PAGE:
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Mister Miracle #8 Review

Comic Books

Mister Miracle #8 Review

Highfather. New father. Mister Miracle juggles his new titles amidst the horrors of war on Apokolips.

Mister Miracle #8 shifts back and forth between Scott Free’s adjustments to being Highfather in a war against Apokolips and to being a new father who switches out with Barda from the front line of battle to tend to little Jacob. Readers of the series thus far know I don’t need to end this introduction with a question about whether or not this issue was good.

It was excellent. This is one of my favorite issues of the series thus far. Writer Tom King takes the relatively simple premise of offering alternating snapshots of the Scott Free at war and at home and injects them with so much gravitas and emotion that by the end of the issue I was completely affected and exhausted in a great way. The scenes on Apokolips show grisly, ugly moments of war where one’s humanity is abandoned for the sake of exterminating the opposing force. The running theme of war’s dehumanizing effect is complicated throughout the issue by the Mother Box updates Scott receives from Barda at home.

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Mister Miracle #8 Review

For example, King overlays a moment of Scott having a wound tended to with a conversation about Jacob’s sleep schedule that reminds the reader of the contradictory position of a soldier at war. How can one reject the humanity of one’s enemy while maintaining the emotional ties to one’s loved ones at home? These are the questions that Mister Miracle #8 grapples with that led me to being both horrified yet moved by the issue’s plot. If you’re worried about a totally emotionally draining issue, King injects plenty of humor into the home — life moments that break up the more emotionally laborious moments of the issue and lets the reader breathe a little.

As usual, Mitch Gerads brings his A-game to the art of Mister Miracle. Readers of the series thus far will be reminded of the photo-realistic texture Gerads uses to render the topography of Apokolips. Characters’ faces continue to be expressive and consistently rendered and the little white motion lines continue to add an almost humorous touch to the action. Essentially, Gerads continues to deliver the same level of quality as he always has, so for this issue, I’ll make special mention of a couple details that stood out. First, we get to see more of Scott Free’s wardrobe full of superhero shirts and once the main Justice League members are represented, we start to see some less mainline characters which leads to a great Easter egg moment involving a Superman shirt.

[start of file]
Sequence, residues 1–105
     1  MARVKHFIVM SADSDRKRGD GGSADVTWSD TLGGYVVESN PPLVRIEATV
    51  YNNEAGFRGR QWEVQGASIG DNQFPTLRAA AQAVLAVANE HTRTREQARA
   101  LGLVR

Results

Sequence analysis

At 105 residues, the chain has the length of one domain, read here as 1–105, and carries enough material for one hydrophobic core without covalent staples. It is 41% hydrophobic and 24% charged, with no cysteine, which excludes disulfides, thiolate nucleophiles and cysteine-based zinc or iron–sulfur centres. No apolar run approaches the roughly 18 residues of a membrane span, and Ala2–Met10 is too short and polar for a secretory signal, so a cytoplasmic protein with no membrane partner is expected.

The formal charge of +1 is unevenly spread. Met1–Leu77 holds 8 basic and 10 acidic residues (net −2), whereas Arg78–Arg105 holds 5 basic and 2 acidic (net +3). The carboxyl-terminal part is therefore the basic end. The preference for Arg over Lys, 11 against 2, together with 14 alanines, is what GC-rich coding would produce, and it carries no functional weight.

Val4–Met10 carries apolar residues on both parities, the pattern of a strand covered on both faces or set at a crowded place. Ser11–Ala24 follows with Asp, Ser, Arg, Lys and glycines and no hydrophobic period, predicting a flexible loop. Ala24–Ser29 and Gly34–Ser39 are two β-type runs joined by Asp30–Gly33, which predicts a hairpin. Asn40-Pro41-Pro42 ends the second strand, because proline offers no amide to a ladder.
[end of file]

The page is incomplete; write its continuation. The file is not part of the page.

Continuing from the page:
Mister Miracle #8 Review

There’s also a moment on Apokolips with Lightray that involves using his powers to carve out a chunk of land that effectively conveys how powerful these characters are because of how Gerads illustrates the huge clouds of debris being blasted into the air by Lightray’s energy beam. I also love how starkly contrasting in color the scenes on Earth and Apokolips are. While Apokolips is rendered in photorealistic textures and dark, muddy palettes that let neon lazer blasts pop in contrast, Earth scenes are drawn in an almost storybook style with white outlines that often look like chalk. It’s relatively small details like this that feel like icing on top of consistently great illustration work throughout. Clayton Cowles’ lettering continues to fit the mood of each moment and I especially love the slightly different font choice used for Funky Flashman that evokes an older feel to the character reminiscent of Kirby’s run.

As I said, this is one of my favorite issues of Mister Miracle so far. Readers should buckle up for an emotional roller coaster that asks heavy questions where the answers are conflicting and complicated in a very real way. Even if you haven’t been reading the series thus far, though there would be plot-related context missing, I feel I can recommend this issue as a standalone read that would hook readers into catching up and reading more.

Mister Miracle #8 Review
Mister Miracle #8
Is it good?
An emotional read from beginning to end with just enough humor to maintain the pace accompanied by consistently excellent artwork.
Tom King’s script left me emotionally compelled and exhausted in the best way.
The script grapples with heavy moral questions with nuance.
Mitch Gerads’s artwork continues to be excellent and has some special moments and Easter eggs that feel like icing on the cake.
Clayton Cowles’s lettering always fits the mood perfectly and takes a detailed approach to style depending on the character.

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